David Bourget (Western Ontario)
David Chalmers (ANU, NYU)
Rafael De Clercq
Jack Alan Reynolds
Learn more about PhilPapers
Synthese 190 (3):563-584 (2013)
Sometimes we get what seem to be good reasons for believing that we’ve misevaluated our evidence for a proposition P. In those cases, can we use our evidence for P itself to show that we haven’t misevaluated our evidence for P? I show why doing so appears to employ viciously circular reasoning. However, I then argue that this appearance is illusory in certain cases and that we sometimes can legitimately reason in that way. This claim sheds new light on the nature of epistemic undermining and epistemic circularity. In addition, it has implications for the current debate about the epistemic significance of disagreement. An important and influential position in that debate says that disagreement with others dramatically undermines our justification for a wide range of our opinions (e.g., political, religious, moral, economic, and philosophical opinions). My view on undermining and circularity implies that this position on disagreement rests on a mistake.
|Keywords||Undermining Defeaters Higher-order evidence Epistemic circularity Easy knowledge Bootstrapping Disagreement Conciliationism Epistemic justification Evidence Epistemology|
|Categories||categorize this paper)|
Setup an account with your affiliations in order to access resources via your University's proxy server
Configure custom proxy (use this if your affiliation does not provide a proxy)
|Through your library|
References found in this work BETA
William P. Alston (1986). Epistemic Circularity. Philosophy and Phenomenological Research 47 (1):1-30.
Michael Bergmann (2005). Defeaters and Higher-Level Requirements. Philosophical Quarterly 55 (220):419–436.
Michael Bergmann (2004). Epistemic Circularity: Malignant and Benign. Philosophy and Phenomenological Research 69 (3):709–727.
Tyler Burge (2003). Perceptual Entitlement. Philosophy and Phenomenological Research 67 (3):503-48.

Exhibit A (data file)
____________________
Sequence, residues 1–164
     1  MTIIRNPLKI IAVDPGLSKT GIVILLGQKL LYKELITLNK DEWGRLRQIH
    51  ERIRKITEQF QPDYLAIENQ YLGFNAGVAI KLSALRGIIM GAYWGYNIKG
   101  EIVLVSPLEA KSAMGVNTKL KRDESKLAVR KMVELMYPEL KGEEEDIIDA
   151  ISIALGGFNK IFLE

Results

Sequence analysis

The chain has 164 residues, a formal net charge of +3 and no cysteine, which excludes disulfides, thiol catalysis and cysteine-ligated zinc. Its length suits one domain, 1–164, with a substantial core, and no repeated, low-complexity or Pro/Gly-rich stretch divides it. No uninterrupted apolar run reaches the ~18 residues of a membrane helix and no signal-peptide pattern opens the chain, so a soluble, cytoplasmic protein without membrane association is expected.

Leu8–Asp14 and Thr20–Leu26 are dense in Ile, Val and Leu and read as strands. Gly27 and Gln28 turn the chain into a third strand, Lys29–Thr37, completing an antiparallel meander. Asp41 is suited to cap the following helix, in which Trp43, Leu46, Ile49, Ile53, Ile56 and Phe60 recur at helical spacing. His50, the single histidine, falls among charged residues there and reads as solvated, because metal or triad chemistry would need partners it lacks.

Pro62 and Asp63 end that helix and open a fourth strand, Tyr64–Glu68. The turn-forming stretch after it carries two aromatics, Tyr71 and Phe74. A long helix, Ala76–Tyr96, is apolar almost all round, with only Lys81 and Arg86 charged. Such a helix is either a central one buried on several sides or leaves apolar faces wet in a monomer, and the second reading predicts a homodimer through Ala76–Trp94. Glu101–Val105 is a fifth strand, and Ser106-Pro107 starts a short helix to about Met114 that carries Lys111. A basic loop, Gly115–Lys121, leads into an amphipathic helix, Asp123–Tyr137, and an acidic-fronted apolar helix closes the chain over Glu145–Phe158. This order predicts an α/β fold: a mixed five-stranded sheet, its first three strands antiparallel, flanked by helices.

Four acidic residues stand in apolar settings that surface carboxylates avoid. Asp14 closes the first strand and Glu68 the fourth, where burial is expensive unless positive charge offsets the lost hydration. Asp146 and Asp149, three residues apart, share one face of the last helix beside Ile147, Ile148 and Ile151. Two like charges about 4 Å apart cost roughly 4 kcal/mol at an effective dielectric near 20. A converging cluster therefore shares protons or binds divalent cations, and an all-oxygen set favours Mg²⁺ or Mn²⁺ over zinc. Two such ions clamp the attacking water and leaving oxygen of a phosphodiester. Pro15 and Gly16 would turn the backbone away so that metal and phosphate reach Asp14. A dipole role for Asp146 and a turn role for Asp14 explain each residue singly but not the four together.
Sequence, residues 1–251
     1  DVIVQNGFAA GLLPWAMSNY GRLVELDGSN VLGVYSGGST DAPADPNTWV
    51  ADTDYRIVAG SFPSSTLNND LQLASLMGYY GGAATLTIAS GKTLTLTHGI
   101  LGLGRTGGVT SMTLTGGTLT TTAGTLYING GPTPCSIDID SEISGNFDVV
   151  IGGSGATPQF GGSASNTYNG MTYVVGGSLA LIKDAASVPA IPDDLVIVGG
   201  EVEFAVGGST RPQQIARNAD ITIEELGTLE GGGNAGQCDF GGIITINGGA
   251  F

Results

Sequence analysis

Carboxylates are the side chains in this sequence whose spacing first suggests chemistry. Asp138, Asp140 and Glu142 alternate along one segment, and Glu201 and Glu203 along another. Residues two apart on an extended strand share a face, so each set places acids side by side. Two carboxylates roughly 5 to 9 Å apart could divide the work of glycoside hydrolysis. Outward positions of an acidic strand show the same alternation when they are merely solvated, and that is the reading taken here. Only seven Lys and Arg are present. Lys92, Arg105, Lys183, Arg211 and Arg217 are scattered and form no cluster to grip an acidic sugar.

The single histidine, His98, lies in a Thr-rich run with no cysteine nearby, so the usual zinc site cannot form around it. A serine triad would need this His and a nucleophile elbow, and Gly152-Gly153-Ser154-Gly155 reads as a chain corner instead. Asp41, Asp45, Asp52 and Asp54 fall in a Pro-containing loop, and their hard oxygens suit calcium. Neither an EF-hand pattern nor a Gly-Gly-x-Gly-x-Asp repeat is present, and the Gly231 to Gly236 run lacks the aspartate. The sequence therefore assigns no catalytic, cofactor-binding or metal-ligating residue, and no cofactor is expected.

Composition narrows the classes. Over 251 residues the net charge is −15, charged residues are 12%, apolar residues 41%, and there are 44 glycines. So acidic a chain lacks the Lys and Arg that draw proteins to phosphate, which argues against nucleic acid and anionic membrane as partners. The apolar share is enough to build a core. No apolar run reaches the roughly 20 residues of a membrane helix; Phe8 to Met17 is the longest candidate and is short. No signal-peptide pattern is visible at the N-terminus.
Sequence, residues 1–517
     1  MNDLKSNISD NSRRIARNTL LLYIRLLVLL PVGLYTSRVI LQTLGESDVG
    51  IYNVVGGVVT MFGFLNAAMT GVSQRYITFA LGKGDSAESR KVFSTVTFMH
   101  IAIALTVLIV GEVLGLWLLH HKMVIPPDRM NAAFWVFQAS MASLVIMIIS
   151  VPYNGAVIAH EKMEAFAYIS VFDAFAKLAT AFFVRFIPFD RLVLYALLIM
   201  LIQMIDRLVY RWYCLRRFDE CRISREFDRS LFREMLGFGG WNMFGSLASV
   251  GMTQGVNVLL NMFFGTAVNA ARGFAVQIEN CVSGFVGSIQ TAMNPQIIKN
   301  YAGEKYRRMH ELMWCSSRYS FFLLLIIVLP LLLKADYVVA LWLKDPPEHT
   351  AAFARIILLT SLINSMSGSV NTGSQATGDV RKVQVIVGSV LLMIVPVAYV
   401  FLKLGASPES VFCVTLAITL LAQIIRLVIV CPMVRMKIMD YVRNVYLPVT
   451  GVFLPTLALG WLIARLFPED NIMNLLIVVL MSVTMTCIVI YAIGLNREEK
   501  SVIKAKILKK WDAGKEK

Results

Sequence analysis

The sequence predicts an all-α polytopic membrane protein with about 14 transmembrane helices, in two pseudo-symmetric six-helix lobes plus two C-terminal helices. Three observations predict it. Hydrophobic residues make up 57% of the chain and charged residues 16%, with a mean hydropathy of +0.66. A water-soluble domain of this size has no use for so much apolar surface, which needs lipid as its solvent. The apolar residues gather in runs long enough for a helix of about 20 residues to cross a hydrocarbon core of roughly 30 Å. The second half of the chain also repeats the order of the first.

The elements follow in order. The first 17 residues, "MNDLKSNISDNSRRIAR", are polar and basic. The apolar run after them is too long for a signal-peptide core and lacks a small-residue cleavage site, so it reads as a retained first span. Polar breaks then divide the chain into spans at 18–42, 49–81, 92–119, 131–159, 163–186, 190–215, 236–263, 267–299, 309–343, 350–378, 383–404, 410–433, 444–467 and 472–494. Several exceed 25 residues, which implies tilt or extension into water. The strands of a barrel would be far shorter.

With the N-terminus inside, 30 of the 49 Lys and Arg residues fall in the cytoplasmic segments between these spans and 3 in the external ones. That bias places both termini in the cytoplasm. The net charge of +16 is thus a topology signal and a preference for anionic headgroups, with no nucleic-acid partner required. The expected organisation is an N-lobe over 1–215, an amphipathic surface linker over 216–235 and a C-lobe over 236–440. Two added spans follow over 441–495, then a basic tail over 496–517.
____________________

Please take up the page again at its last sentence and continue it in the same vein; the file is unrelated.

David Christensen (2011). Disagreement, Question-Begging, and Epistemic Self-Criticism. Philosophers' Imprint 11 (6).
Citations of this work BETA
No citations found.
Similar books and articles
Amir Konigsberg (2012). The Problem with Uniform Solutions to Peer Disagreement. Theoria 79 (1):96-126.
Michael Thune (2010). Religious Belief and the Epistemology of Disagreement. Philosophy Compass 5 (8):712-724.
Richard Feldman (2009). Evidentialism, Higher-Order Evidence, and Disagreement. Episteme 6 (3):294-312.
Andrew D. Cling (2002). Justification-Affording Circular Arguments. Philosophical Studies 111 (3):251 - 275.
Jonathan Matheson (2009). Conciliatory Views of Disagreement and Higher-Order Evidence. Episteme: A Journal of Social Epistemology 6 (3):269-279.
Sanford C. Goldberg (2013). Inclusiveness in the Face of Anticipated Disagreement. Synthese 190 (7):1189-1207.
David Killoren (2010). Moral Intuitions, Reliability and Disagreement. Journal of Ethics and Social Philosophy 4 (1):1-35.
Axel Gelfert (2011). Who is an Epistemic Peer? Logos and Episteme 2 (4):507-514.
Robin McKenna (2012). Epistemic Contextualism, Epistemic Relativism and Disagreement. Philosophical Writings.
Ralph Wedgwood (2010). The Moral Evil Demons. In Richard Feldman & Ted Warfield (eds.), Disagreement. Oxford University Press.
Jacob Ross & Mark Schroeder (2013). Reversibility or Disagreement. Mind 122 (485):43-84.
Bryan Frances (2010). The Reflective Epistemic Renegade. Philosophy and Phenomenological Research 81 (2):419 - 463.
Torfinn Thomesen Huvenes (2014). Disagreement Without Error. Erkenntnis 79 (1):143-154.
Added to index2011-12-18
Total downloads96 ( #15,360 of 1,410,271 )
Recent downloads (6 months)13 ( #17,475 of 1,410,271 )
How can I increase my downloads?